During our previous sitting we discussed at great length whether the Government would sell the nationalised Tote to the highest bidder if the Racing Trust were unable to buy it. I hope this will not be a repeat of that. There is nothing to prevent the Government going down this road. If that is the case, it is unacceptable.

The Minister may argue that there is a check already in place under subsection (6), but the sale of the National Stud to another stud operator for a profit could fall under the improvement to breeds of horses—I may be wrong—and I would be grateful if the Minister could clarify the position. I hope the Minister will ensure that there is a check in place on the Government's ability to overrule the Levy Board in drawing up a transfer scheme. I beg to move.

Lord McIntosh of Haringey

Again I have the unenviable duty of responding to the amendment and not to the speech, which are rather different things. Clause 16 establishes the procedures that will have to be followed when the time comes to transfer the Levy Board's assets. A lot can happen between now and the time of the Levy Board's closure and we have to keep our options open. Therefore Clause 16 does not stipulate to whom or when the assets will be transferred.

As I have already said, the most significant assets are the Horseracing Forensic Laboratory and the Capital Fund. Our intention is to transfer those assets to the British Horseracing Board, but we need to maintain the flexibility to do what is appropriate in the circumstances prevailing at the time. As is clear from subsection (6), we intend that the British Horseracing Board should use the assets for the same purposes as they are used now. With all the assets, we will adhere to the principle that they are required to benefit racing and should continue to do so for the future.

Our intention is clear. The British Horseracing Board, as the governing body for racing, is currently best placed to administer these assets for the good of the sport as a whole, but if that position changes we will reassess the situation.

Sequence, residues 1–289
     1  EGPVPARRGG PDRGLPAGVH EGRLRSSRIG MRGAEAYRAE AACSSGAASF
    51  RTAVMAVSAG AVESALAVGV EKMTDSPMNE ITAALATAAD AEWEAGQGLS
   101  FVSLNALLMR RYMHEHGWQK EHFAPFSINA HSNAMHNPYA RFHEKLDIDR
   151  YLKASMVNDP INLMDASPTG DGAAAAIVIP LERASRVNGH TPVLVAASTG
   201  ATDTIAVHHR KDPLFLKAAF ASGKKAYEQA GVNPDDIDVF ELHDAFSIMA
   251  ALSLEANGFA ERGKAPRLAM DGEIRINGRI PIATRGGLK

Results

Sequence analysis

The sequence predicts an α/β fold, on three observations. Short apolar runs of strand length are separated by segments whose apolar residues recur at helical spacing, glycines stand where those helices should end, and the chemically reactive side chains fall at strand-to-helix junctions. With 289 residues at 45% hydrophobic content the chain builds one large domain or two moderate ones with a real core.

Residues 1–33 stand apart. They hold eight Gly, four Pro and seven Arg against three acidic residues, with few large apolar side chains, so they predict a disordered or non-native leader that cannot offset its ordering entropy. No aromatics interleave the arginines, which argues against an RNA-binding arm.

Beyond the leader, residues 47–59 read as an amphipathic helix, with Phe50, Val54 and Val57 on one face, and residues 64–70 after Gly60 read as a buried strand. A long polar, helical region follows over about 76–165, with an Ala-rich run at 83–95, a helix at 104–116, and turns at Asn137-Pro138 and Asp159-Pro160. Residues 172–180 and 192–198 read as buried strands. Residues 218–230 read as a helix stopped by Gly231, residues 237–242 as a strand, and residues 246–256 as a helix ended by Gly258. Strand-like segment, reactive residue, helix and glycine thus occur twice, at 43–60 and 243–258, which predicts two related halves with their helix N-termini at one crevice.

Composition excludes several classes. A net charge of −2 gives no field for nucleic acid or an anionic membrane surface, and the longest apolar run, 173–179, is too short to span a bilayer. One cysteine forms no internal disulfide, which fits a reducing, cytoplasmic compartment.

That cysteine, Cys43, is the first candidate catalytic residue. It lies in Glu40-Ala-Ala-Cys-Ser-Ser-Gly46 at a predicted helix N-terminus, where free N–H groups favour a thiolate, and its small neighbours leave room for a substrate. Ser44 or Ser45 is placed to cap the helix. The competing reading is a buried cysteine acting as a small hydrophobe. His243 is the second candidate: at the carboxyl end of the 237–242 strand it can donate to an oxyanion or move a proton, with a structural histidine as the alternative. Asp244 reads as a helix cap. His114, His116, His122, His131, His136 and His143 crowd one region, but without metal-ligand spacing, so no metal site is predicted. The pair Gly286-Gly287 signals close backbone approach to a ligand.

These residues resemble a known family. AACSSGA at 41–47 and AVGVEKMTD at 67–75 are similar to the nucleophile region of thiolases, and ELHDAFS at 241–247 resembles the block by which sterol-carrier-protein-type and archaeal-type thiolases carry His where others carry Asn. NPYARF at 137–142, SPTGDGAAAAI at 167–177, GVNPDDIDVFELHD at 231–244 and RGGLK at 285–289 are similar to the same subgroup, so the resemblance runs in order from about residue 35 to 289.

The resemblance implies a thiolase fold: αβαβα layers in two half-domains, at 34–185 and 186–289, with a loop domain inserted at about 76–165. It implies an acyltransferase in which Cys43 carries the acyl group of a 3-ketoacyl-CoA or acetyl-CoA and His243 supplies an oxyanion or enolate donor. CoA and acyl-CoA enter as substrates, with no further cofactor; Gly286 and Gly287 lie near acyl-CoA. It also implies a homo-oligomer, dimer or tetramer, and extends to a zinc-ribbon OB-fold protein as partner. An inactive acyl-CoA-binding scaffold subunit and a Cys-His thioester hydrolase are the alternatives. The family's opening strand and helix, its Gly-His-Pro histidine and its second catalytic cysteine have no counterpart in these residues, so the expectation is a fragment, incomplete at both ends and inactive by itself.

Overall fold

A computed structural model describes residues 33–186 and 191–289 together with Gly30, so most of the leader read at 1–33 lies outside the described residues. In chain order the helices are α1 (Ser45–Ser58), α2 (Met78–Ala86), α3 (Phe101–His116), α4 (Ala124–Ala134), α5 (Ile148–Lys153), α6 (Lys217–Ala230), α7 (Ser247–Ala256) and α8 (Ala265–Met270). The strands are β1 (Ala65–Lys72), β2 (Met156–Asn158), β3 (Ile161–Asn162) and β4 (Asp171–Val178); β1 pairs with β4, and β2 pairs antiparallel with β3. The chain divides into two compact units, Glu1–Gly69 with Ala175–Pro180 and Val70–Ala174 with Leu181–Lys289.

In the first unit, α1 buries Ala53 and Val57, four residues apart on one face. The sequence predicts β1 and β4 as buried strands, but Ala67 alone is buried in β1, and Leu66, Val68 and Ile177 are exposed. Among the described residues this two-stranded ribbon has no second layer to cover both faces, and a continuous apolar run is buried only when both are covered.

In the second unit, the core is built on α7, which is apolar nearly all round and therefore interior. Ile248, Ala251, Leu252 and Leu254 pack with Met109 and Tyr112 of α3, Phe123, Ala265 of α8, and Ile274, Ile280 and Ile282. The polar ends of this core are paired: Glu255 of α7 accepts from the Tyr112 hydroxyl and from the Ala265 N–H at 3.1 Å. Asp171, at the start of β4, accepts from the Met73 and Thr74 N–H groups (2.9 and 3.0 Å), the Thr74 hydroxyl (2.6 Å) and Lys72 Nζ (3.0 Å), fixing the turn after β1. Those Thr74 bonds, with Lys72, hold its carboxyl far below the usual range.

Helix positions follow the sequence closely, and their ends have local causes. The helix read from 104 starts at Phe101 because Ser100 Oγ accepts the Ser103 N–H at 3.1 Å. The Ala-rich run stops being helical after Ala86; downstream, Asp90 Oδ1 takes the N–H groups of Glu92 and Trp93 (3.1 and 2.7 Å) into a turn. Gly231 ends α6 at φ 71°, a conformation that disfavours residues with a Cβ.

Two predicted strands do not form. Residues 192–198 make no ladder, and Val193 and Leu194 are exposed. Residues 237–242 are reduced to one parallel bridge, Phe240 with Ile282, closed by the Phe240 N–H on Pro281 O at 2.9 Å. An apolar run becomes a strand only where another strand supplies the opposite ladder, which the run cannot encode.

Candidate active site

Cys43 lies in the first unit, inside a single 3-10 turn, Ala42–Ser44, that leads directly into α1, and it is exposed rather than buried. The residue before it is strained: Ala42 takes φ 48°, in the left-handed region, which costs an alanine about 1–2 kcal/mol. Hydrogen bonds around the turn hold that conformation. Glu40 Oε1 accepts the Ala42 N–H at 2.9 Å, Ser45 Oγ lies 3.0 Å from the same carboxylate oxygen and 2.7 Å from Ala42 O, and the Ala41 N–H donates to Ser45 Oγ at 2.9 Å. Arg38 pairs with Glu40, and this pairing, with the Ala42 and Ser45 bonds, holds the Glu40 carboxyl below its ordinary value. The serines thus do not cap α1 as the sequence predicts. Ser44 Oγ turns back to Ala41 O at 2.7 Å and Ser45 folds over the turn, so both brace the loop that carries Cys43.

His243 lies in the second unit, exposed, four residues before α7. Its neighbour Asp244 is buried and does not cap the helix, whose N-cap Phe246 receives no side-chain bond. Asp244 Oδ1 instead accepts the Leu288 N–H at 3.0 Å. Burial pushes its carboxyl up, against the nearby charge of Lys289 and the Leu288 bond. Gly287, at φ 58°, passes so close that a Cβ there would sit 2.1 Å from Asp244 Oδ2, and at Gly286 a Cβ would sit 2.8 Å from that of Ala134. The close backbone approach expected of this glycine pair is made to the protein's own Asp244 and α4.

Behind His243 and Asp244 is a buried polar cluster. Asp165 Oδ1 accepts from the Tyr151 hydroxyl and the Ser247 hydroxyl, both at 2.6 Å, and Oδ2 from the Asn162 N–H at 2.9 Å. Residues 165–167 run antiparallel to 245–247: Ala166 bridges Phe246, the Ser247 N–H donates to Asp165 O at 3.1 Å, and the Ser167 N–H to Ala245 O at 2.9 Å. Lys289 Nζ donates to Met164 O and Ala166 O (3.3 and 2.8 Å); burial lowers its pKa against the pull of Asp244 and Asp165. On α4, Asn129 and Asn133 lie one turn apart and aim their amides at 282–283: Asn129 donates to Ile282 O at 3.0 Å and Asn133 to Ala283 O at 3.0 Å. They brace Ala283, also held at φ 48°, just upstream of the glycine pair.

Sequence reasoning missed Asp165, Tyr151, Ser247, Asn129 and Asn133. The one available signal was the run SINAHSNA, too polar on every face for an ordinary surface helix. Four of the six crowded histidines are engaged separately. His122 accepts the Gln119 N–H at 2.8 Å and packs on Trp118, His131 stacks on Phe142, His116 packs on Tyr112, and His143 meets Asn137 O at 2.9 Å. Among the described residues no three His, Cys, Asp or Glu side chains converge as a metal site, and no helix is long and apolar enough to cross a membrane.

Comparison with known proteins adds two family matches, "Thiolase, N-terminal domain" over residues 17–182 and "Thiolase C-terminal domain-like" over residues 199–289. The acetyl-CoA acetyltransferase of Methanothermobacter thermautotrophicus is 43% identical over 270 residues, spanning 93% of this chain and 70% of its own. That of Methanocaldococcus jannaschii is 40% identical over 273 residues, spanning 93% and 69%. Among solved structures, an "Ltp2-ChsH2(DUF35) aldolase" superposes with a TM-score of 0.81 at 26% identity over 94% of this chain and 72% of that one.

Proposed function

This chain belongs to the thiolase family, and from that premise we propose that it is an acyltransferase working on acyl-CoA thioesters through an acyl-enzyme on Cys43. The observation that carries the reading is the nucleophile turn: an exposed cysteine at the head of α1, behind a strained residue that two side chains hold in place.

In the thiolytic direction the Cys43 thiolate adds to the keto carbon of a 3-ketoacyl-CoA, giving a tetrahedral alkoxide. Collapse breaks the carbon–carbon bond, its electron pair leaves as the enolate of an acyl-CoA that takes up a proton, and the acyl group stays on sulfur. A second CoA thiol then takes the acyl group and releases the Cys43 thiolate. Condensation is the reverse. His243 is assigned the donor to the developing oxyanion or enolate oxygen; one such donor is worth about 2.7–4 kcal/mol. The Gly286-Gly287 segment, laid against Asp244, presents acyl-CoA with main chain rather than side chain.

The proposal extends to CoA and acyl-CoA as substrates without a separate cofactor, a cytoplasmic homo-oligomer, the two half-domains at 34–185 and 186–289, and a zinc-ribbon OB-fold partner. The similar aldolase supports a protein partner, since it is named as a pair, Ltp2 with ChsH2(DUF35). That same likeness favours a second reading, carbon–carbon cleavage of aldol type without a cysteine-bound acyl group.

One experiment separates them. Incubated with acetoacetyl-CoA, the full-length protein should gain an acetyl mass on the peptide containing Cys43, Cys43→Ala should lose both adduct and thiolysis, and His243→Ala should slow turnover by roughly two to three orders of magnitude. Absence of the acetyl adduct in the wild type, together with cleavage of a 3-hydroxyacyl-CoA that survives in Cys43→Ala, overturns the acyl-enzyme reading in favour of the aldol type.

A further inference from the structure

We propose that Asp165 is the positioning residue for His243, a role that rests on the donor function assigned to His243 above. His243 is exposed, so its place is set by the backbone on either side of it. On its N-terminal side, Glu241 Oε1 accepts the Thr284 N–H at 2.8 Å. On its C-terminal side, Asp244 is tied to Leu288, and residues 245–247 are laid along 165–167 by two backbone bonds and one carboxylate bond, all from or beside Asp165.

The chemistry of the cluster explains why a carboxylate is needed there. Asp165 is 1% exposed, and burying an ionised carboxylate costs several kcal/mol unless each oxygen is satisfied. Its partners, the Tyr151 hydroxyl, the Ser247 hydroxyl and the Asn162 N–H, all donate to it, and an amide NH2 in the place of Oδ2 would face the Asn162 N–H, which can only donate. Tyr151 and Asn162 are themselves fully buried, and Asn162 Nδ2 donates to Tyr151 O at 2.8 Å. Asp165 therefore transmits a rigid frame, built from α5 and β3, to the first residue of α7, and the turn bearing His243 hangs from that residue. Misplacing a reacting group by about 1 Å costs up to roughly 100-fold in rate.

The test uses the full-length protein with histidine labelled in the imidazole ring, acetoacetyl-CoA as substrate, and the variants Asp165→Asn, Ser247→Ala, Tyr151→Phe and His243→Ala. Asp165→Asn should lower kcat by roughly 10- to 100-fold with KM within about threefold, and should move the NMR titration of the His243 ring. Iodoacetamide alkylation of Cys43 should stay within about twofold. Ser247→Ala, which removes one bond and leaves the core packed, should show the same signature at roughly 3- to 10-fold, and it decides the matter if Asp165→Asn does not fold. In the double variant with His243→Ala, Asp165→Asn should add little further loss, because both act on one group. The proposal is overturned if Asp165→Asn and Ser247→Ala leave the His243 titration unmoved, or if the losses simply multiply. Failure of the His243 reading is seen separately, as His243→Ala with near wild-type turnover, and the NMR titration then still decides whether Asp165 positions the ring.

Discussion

As to the amendment itself, I should point out that the Levy Board does not need parliamentary approval now to dispose of its assets. I do not see any need to subject a transfer scheme to another layer of parliamentary approval when our purpose is quite clear. I am confirmed in that view by the fact that the Delegated Powers and Regulatory Reform Committee, having considered the Bill, did not recommend that there should be this additional level of parliamentary scrutiny.

Lord Moynihan

I am grateful to the Minister. I said before that we have brought forward a series of probing amendments on Part 2. The Minister has been very clear in his response. I have a great concern about the principle of maintaining flexibility in Part 2, but nothing like as great a concern as I had with regard to Part 1 The Minister's response has been comprehensive and helpful. In that context, I beg leave to withdraw the amendment.

Amendment, by leave, withdrawn.

Lord Moynihan moved Amendment No. 39A: Page 11, line 22, at end insert— ( ) Neither the Secretary of State nor the Treasury may materially benefit from the sale of any specified property, right and liabilities of the Levy Board arising from the transfer scheme.

The noble Lord said: We are making good progress and I am sure that the Minister will be equally helpful with Amendment No. 39A, which is designed to ensure that the Government do not use the abolition of the Levy Board to benefit from the transfer of its assets. We have already briefly touched upon the Written Answer from the Minister for Sport in another place, where he admitted that the Government might sell the National Stud and had not yet decided on the use of the proceeds from such a sale.

This is intended to be a simple amendment to ensure that the legislation prevents the assets of the Levy Board finding their way into Treasury pockets. It would, at the same time, he helpful if the Minister could make a statement on what will happen to the £50 million or so Capital Fund which is presently operated by the Levy Board and to which he referred in passing.

Let me give some of the background of the fund. During the past year, the Levy Board approved by way of loans some 10.9 million towards capital projects at racecourses and capital grants of £24.3 million for use in racecourse improvement schemes. Interest-free loans were made available to 12 racecourses in respect of a number of projects involving the improvement of racecourse facilities. The most significant of these were the replacement, refurbishment or extension of grandstands at Chepstow, Sandown Park and York, with smaller schemes at Bath, Brighton, Market Rasen and Uttoxeter.

I feel sure that the Minister will recognise that we seek to ensure that there is no possibility of this money leaving racing. I fully appreciate where he is coming from on this issue—I have heard his commitment to that end—but I am concerned. I have read the response from his noble friend the Minister for Sport in another place and I hope that the Minister will understand my concern.

It is understood that in 2000, from memory, the Levy Board intended that the Capital Fund would be transferred to the British Horseracing Board and that the BHB would then transfer it to a trust under the joint direction of the BHB and the Racecourse Association. Is the Minister able to provide an update—and, it is to be hoped, a categorical assurance—on what will happen to the fund?